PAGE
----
Finding Fossils Along U.S. Freeways Geologic pressures force ancient layers of rock above ground, exposing their cargo of fossils. Paleontologist Kirk Johnson and artist Ray Troll search the western United States for fossils and chronicle their finds in a new book, Cruisin' the Fossil Freeway.
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Finding Fossils Along U.S. Freeways

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Finding Fossils Along U.S. Freeways

Finding Fossils Along U.S. Freeways

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The past, billions of years of it, is lurking just beneath your feet - a layer cake of rock dating back to the earliest days of the Earth. In some parts of the country, geologic pressures have forced these ancient layers above ground, exposing their cargo of fossils.

It's those fossils that call out to collectors and scientists, including paleontologist Kirk Johnson and artist Ray Troll. They piled into an old pickup truck and drove across the western United States in search of fossils. Their book is called, "Cruisin' the Fossil Freeway." And Kirk Johnson and Ray Troll join me now. How are you, gentlemen?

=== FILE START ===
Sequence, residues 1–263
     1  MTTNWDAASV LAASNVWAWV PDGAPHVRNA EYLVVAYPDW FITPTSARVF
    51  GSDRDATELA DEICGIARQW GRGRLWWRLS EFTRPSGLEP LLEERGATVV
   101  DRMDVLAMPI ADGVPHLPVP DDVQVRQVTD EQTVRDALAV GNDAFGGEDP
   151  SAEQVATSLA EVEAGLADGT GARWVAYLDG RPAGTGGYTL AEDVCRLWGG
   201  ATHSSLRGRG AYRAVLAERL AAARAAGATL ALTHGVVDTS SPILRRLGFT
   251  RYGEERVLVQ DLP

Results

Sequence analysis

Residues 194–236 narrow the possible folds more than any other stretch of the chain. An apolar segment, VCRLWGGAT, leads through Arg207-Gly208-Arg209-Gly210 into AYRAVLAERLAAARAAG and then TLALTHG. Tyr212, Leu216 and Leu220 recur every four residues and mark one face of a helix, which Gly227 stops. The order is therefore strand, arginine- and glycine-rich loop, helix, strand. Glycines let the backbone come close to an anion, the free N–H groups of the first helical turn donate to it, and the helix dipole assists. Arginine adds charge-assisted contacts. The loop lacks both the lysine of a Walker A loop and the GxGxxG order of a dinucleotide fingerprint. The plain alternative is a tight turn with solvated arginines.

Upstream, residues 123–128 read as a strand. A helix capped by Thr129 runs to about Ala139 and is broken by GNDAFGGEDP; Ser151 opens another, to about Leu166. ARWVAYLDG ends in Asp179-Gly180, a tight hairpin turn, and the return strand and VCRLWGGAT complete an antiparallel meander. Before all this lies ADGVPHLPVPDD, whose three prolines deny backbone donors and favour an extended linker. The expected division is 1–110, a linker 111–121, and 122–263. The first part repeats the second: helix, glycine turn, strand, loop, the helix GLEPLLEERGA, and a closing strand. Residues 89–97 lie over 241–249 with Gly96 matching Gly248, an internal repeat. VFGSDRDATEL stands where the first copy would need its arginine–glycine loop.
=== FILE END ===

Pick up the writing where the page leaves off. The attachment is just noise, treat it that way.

Mr. KIRK JOHNSON (Co-Author, "Cruisin' the Fossil Freeway: An Epoch Tale of a Scientist and an Artist on the Ultimate 5,000-Mile Paleo Road Trip "): Oh, we're great. Thanks for having us.

Mr. RAY TROLL (Illustrator, "Cruising the Fossil Freeway: An Epoch Tale of a Scientist and an Artist on the Ultimate 5,000-Mile Paleo Road Trip "): Doing good.

SEABROOK: Kirk Johnson, you're the paleontologist in this motley crew here. For you, this expedition started literally with a dream. Tell me about it.

Mr. JOHNSON: Back in 1996, I was on the Amazon River in Peru and I had been taking this anti-malarial drug called Lariam, which has this bad side effect of making you have slasher dreams. And the problem is that I'm a paleontologist, so my - so when I have a slasher dream, I have dreams of sabertoothed animals. And I had this crazy dream with sabertoothed tigers and sabertoothed deer and sabertoothed camels, and I woke up, like, in this horrible sweat and I had this realization - I had two realizations actually. One was that walrus are sabertoothed seals, which seemed really funny at the moment.

(Soundbite of laughter)

Mr. JOHNSON: And that Ray Troll was the guy that could paint that dream for me.

SEABROOK: You had seen Ray Troll's art, I guess.